Kerry O’Brien nearly broke some news last Friday night. Not news of the normal kind that flows from one of his 7.30 Report interviews where one of his guests says something interesting. No. This time he nearly blurted out a real fair dinkum scoop where a journalist tells his national audience a secret.
The scoop that almost was came when the old red-headed one had finished with the commentary on the new red head and was interrogating opposition leader Tony Abbott.
“Well, let’s come to back to your credibility then if you’re happy to test it,” intoned Kerry in his most serious voice. “There’s confusion about what you really told your party room on Tuesday. According to the official Liberal Party room briefer to journalists, a senior lawyer who one might expect to be pretty good with the facts on detail, you said, according to him, ‘wictory is within our grasp. We are within reach of a famous victory’.”
The mysterious official Liberal Party room briefer! The man I wrote about last Wednesday when I noted: “Isn’t it cute how the parliamentary press gallery continues to play the game of not telling us the name of the senior Coalition figure who gives the formal briefing to journalists after the party room meetings.”
Normally journalists don’t even report that they have been spoon fed a version of what went on but the truth slipped out last week as the gallery members tried to defend themselves from accusations that got their victory quotes wrong. Abbott tried to pretend he had spoken to his colleagues not about the prospect of “a famous victory” but rather made the more mundane assertion that the next election was “certainly winnable, but there’s an enormous long way to go”. The lads and lasses of the gallery were indignant that their honour was being attacked in such a fashion, but such are the rules of the Canberra game they were not prepared to name the name of their key defence witness.
And nor was O’Brien when push came to actually informing his public. Instead he just teased us further with his “senior lawyer who one might expect to be pretty good with the facts on detail” reference and left it at that. Kerry too is clearly still a member of the comfy little political club on the Canberra hill, but at least he had narrowed the field; narrowed it in a way that made the opposition leader decide he had better admit that his earlier denial of the “famous victory” quote was not one of those truths he had written down but one of the spur-of-the-moment variety of comments which was in the “kind-of-a-lie” category.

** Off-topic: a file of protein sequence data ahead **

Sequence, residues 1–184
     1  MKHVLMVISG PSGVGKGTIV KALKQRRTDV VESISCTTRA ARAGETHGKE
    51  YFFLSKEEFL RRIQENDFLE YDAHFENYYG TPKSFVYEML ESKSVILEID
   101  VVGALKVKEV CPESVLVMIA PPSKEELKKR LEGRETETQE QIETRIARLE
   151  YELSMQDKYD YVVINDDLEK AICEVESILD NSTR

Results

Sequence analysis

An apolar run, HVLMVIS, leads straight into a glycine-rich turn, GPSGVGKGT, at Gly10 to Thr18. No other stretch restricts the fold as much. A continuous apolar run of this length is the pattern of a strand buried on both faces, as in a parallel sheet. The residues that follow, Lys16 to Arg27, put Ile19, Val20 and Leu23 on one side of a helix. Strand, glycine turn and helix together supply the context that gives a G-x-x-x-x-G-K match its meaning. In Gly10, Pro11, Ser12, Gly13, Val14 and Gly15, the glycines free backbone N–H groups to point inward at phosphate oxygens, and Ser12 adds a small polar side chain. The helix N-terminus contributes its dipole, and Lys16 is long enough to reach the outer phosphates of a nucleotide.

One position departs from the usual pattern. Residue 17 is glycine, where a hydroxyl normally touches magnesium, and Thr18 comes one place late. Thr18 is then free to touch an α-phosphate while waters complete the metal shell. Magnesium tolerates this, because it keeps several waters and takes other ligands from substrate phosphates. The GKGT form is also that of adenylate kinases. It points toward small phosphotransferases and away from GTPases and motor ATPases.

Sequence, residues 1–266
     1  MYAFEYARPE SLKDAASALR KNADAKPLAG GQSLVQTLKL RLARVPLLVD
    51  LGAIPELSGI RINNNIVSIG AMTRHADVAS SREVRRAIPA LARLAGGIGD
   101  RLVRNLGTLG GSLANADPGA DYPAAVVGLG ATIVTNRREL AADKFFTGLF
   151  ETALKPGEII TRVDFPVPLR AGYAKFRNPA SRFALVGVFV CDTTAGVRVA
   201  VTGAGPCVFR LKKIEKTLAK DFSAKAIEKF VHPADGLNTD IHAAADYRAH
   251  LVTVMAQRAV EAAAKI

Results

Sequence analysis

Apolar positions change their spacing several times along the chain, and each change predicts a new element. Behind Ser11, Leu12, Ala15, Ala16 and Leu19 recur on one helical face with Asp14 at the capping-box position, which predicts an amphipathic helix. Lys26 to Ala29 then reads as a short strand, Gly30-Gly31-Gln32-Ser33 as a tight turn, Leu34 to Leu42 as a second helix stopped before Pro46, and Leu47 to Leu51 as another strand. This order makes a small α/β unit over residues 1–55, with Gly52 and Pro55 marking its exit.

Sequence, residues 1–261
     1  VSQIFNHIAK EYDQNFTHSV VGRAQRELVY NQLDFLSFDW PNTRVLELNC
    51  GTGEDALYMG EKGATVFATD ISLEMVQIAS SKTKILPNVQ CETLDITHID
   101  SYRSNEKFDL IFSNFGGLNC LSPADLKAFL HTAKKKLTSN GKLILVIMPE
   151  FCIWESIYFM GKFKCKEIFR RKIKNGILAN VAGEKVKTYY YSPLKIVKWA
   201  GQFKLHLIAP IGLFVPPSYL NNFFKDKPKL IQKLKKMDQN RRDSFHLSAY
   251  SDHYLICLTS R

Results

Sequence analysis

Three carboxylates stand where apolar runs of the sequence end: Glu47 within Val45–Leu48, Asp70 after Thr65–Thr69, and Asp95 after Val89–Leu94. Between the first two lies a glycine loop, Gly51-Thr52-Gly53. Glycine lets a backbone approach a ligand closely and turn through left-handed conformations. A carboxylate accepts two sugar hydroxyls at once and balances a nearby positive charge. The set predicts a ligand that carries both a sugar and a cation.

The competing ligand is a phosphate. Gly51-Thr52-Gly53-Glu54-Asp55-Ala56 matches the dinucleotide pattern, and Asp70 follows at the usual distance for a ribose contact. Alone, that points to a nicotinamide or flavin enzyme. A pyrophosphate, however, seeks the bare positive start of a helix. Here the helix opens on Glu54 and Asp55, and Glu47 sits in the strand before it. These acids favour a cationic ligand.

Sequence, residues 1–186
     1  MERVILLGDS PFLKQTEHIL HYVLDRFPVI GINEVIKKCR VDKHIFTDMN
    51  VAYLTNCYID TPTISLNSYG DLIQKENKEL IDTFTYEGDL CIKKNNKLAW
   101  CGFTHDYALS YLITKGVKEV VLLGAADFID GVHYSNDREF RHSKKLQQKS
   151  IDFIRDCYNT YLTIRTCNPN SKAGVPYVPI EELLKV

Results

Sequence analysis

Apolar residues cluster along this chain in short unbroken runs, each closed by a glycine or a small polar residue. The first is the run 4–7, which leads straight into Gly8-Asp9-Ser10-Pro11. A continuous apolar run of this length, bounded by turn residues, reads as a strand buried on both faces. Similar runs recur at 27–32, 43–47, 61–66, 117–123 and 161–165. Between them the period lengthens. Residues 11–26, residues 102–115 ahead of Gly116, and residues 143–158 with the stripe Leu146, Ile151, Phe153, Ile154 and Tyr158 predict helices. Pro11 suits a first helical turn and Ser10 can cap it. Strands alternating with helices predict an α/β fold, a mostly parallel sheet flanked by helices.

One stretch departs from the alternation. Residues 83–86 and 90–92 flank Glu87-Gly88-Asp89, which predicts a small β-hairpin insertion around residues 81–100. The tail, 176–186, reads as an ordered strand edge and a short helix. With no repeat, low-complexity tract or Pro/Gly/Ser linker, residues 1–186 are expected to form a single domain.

Thus this little interview interchange:
ABBOTT: Yeah, yeah. That wasn’t all I said. That wasn’t all I said.
O’BRIEN: So you did say that?
ABBOTT: But that wasn’t all I said. And the fact of the matter is no election is unwinnable. No election is unlosable. I’ve always been the underdog and I expect to continue to be the underdog, but I’ve gotta say this: we will put up a very good fight.
O’BRIEN: But you did say that. So you’re confirming that you did say those words: “Victory is within our grasp. We are within reach of a famous victory.”
ABBOTT: There is no doubt we must have been within reach of a famous victory, otherwise the Labor Party would not have dumped their leader in a fit of panic about its prospects.
O’BRIEN: But do you accept that right through the campaign these words are going to come back to haunt you about what is gospel truth, something that you will read from a prepared text and whenever you’re shooting from the hip, as we are in this interview?
ABBOTT: Look, Kerry, Kerry, you had a good night with me a few weeks ago.
O’BRIEN: This isn’t about me having good nights with you, Mr Abbott; this is about your credibility.
ABBOTT: But the point is, Kerry, I will let the Australian public make a judgment about me. That’s what happens in politics. But I tell you what: the Labor Party made a judgment about me this week. They made a judgment that if they stayed with Kevin Rudd, they were gonna lose.
There are many conclusions that might be drawn from this amusing little political sideshow but I will just conclude with one. George Brandis SC, shadow attorney general and deputy leader of the opposition in the Senate, is not a man who Abbott wanted to provoke by suggesting for a second time he had got his words wrong when briefing the press after a Liberal Party party meeting.